If you follow the news at all, you will probably run into news aggregators at some point or another. Once the pariah of the media world, news aggregators today are important public servants. Most news aggregators filter through the volumes of news articles to select the information most pertinent to an industry. Furthermore, news aggregators keep industry players informed through a series of blogs, emails, and other services. Even the free news aggregators are profitable, based solely on voluntary donations and other services.
There was a time that news feed aggregators were not viewed kindly. While mainstream news aggregators appeared only after the Internet did, mainstream journalists scoffed at news aggregators. They saw those who worked for aggregators as lazy journalists. These so called lazy journalists did not do field work or hold interviews, and did not appreciate sound bytes.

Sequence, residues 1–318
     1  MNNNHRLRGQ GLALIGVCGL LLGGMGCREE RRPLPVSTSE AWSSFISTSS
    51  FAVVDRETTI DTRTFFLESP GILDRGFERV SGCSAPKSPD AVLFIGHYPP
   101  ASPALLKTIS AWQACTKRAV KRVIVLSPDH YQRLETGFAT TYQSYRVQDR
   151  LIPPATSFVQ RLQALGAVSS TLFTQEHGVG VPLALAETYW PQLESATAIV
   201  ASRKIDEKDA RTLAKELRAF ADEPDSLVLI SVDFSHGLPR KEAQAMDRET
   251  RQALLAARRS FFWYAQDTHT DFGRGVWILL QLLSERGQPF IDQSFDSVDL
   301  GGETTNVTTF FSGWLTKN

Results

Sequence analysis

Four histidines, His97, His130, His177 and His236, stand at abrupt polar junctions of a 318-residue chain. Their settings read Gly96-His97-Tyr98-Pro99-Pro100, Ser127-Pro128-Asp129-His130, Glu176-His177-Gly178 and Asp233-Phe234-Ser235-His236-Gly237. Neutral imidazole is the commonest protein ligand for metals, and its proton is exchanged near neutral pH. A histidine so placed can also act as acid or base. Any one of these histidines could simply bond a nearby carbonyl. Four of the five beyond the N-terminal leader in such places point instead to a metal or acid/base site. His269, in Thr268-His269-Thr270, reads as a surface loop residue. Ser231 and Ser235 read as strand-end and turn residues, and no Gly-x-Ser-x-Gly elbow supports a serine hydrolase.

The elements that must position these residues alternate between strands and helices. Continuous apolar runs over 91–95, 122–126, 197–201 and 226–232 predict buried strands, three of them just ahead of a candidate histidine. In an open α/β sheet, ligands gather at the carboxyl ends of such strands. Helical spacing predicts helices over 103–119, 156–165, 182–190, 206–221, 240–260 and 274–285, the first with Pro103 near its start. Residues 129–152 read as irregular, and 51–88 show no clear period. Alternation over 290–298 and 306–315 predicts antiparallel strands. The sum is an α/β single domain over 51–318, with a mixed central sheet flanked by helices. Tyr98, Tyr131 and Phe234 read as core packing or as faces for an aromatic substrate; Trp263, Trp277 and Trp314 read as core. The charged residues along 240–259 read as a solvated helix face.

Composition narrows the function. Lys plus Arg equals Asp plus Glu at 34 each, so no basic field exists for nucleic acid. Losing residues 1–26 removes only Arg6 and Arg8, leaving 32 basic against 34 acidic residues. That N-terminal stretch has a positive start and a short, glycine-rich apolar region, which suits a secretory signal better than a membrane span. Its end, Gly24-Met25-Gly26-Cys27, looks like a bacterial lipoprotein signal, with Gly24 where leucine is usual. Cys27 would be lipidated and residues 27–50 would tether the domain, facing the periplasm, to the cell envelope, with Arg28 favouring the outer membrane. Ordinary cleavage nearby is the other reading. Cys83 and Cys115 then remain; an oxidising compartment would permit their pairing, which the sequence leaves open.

In the past few years, there has been a growing respect by news aggregators because they filter through information. This is especially important for executive audiences who lack time. Using RSS aggregators and a little old fashioned research, news aggregators sift through thousands of articles and blog posts. They then send out a newsletter or another service to executives, and strive to give them a fair and balanced view of the issues of the day.
News search aggregators tend to cluster in industry centers. For instance, commodity and derivative news aggregators are based in Chicago, the largest center of commodity trading. Environmental news aggregators tend to be based in the Bay Area or the Pacific Northwest, where there is a concentration of environment related reporting. There are other such clusters that exist throughout the United States.
So if you are ever in a hurry and need information now, search for a news aggregator to use. Far from lazy journalists, a news aggregator actually performs a service. They let you digest information.